by Camryn Smith
A few days ago a boy, who I will just call Joe, was playing a game with some of the other campers. It so happened that, based on the game they were playing, the kids wouldn’t let Joe do anything for himself. Each time he tried to do something, another person had to do it for him. When they came back inside, I saw Joe arguing loudly with another camper that was one of his closest friends. As a counselor, this worried me. What could cause such a disagreement between these two boys? Before the argument got any further I separated them. Before I had a chance to ask what they were fighting about, Joe huffed off and sat in a chair away from our table. I was worried; I had seen Joe get upset before, but it never had to do with his friends, let alone a close one. As I walked toward Joe, another counselor came by and asked if he could take the campers to arts and crafts time. I waved him on and indicated that I was going to go talk with Joe.
I sat down on the floor beside Joe who was still in a chair. I asked if he could tell me what happened. I had never seen him this upset. His elbows leaned on his knees and his chin rested in his hands, but he wouldn’t look at me. After a minute, Joe explained the game that he had been playing and that he felt like he was excluded from the game and that the other kids didn’t like him. At one point, he muttered, “God’s my only friend.” (Our theme for this week was ‘God is our friend,’ so when I hear this, I have to admit I was slightly rejoicing because the message got through to him, that he believed that God was his friend.) Just to clarify and make sure that I heard right, I repeated what he said, to which he responded, “Well, YOU and God are my only friends.”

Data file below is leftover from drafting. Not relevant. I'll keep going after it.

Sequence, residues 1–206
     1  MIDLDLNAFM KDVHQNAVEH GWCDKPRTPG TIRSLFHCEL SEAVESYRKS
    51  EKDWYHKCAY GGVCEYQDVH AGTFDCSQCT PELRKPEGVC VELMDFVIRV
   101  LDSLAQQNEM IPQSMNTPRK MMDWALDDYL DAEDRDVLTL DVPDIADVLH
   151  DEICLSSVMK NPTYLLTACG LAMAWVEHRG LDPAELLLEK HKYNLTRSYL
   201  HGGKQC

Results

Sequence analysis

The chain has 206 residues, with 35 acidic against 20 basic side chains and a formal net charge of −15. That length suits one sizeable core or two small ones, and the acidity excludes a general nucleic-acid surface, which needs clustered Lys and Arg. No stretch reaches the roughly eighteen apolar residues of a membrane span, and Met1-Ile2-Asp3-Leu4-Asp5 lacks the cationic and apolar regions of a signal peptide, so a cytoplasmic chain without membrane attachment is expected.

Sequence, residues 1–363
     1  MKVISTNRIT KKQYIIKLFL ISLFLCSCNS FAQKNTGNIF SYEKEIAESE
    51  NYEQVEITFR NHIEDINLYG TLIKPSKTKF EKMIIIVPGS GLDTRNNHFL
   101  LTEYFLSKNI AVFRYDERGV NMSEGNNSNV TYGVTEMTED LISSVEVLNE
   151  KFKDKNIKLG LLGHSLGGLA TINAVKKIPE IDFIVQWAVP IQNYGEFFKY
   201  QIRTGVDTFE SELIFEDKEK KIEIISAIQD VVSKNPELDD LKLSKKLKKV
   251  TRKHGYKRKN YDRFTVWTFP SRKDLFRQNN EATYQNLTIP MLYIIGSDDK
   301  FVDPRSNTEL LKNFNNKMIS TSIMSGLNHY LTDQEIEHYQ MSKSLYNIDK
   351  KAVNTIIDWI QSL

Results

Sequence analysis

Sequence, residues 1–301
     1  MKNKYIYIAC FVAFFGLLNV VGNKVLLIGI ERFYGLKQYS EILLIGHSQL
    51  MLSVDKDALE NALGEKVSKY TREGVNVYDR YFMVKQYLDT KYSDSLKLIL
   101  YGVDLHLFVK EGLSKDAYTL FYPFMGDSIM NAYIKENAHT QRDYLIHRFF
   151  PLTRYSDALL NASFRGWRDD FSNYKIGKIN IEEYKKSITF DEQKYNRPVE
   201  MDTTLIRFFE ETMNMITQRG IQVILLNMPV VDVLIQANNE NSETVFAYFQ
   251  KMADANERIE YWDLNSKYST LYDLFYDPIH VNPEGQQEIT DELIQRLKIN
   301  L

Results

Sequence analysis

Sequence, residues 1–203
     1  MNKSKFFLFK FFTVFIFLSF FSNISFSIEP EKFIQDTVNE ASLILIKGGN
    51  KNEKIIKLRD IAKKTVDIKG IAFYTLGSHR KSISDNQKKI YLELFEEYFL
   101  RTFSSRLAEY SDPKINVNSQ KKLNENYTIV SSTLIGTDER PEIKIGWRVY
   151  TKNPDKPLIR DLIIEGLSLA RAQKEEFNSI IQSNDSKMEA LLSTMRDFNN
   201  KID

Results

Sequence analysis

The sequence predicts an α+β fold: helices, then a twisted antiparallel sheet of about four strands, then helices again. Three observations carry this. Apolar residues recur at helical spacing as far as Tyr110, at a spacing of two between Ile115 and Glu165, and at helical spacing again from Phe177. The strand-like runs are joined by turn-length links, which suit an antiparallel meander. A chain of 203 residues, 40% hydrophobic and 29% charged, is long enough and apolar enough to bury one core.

I wondered if there might have been some misunderstanding between Joe and his friend. I agreed that how the game was played was hurtful, and then I continued asking questions. I tried to help him think about his friend’s point of view and perspective on the game. Eventually, his initial anger had turned into sadness and loneliness. After a few minutes he reached down to me, gave me a hug, and thanked me. As he sat back up, he asked with a straight face, “Miss Camryn, can I tell you something?” My mind raced, wondering what he could possibly want to say to me in confidence. I looked at him and just said, “Sure, you can tell me, but if it’s something that I need to get other people involved in, I will.” I wanted him to know what he was getting into before he shared with me. It was important to me that Joe had some control over what he shared, and I wanted to be honest with him. He eased my mind by shaking his head and saying no it wasn’t anything like that. Joe paused for a moment, looked at me with a small smile, and revealed that he liked a certain girl and was afraid to tell her about it. As I thought about this new information for a moment, Joe turned around in his chair and saw that the other campers had left. He eagerly asked where the other kids went and if he could join them. His demeanor had changed from solemn, sad, and hurt, to curious, lively, and excited. I said of course he could join them, so we went to meet up with the other campers.
I was amazed and shocked that Joe shared so much with me and really talked with me about what was going on. Over the past week or two, I have had similar conversations with some of the other campers in which they also opened up and shared certain things with me. I was so surprised and touched that they felt that they could talk to me if they wanted or needed to. I love to hear what these children have to say, what they find important, what they find funny.